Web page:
Officials with the Foundation for a Healthy Kentucky are pleased with a provision in the state budget that places a new excise tax on e-cigarette pods.

While the state has sales taxes on both tobacco and vaping products, traditional tobacco products were previously subject to an excise tax while vaping products were not.

House Bill 351 imposed a $1.50 excise tax on “closed” e-cigarette products, like nicotine pods used in “Juul” brand and other devices.

“Open” systems, which can be refilled with liquid that is sold separately, were given an excise tax rate of 15% of the product’s sale price in the revenue bill.

The taxes take effect in July.

Bonnie Hackbarth, vice president of external affairs for the Foundation for a Healthy Kentucky, said the $1.50 tax was actually more than supporters had hoped for in the bill. Supporters had advocated for a 27.5% tax rate on e-cigarette pods, which would have been $1.10 for a pack of pods, Hackbarth said.

The new tax will hopefully have an impact on youth and teens using e-cigarette products, Hackbarth said.

When cigarette taxes were increased in 2018, there was a decrease in the number of cigarettes sold in the state, she said.

“What happened in the first 12 months was 36 million fewer packs of cigarettes were sold in Kentucky,” a decrease in overall sales of 10%, Hackbarth said.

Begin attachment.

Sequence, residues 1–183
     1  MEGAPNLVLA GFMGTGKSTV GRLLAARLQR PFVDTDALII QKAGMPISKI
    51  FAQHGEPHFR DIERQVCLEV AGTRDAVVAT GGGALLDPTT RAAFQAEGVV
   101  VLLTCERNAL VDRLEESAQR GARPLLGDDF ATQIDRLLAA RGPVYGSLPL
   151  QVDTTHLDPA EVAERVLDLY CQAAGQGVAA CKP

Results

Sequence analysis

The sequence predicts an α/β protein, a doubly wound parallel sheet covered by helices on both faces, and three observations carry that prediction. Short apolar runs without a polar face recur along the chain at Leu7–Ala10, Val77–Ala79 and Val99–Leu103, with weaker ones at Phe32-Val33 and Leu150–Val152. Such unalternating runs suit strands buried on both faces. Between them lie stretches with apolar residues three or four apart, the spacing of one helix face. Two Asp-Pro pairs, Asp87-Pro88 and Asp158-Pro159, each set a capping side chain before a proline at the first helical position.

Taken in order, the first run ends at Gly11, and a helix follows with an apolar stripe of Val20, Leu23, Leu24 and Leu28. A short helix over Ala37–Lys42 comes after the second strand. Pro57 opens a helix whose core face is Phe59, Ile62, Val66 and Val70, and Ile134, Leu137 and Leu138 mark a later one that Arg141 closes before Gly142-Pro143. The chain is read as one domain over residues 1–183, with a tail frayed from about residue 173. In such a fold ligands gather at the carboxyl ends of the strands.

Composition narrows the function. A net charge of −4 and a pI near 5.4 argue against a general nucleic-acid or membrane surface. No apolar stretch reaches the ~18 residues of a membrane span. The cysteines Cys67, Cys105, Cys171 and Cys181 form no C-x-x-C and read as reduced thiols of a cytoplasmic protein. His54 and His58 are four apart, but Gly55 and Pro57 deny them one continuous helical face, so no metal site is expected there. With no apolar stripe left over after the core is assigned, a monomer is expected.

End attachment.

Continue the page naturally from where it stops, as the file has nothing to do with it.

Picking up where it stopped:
The hope is the new excise tax on e-cigarette pods will create a financial burden on youth, “to discourage them to not start in the first place.”

“It’s a very tough addiction,” Hackbart said, adding that experts say “nicotine is as addictive as heroin.”

Preventing youth and adult vaping could make those who stop using such products less susceptible to the coronavirus.

“A COVID-19 prevention measure is to reduce or stop smoking because that also damages your lungs,” Hackbarth said.

In a written statement, Foundation president and CEO Ben Chandler said: “We applaud the legislature for adopting a pod tax that will substantially increase the price of the products that are most popular among youth right now, including the Juul and knock-off reusable devices and the Puff Bar and Posh disposable e-cigarettes.

“In the midst of the coronavirus pandemic, inhaling toxins that are shown to damage the lungs puts these kids and every other smoker and vaper in the commonwealth at greater risk for serious complications from COVID-19,” Chandler said. “This is an important bill today and for the future, and a strong step in the right direction.”

State smoking cessation program funds were cut in the one-year budget, which was a disappointment, Hackbarth said. Currently, $3.3 million is allocated to smoking cessation programs in the current budget, but that amount was cut by 40% in the new budget, she said.

“What we are going to be able to offer (to help people quit smoking) is going to go down,” Hackbarth said.

“We are going to ask others to step up” and make up for lost state funding, she said.

James Mayse, 270-691-7303, jmayse@messenger-inquirer.com, Twitter: @JamesMayse

James Mayse, 270-691-7303, jmayse@messenger-inquirer.com, Twitter: @JamesMayse

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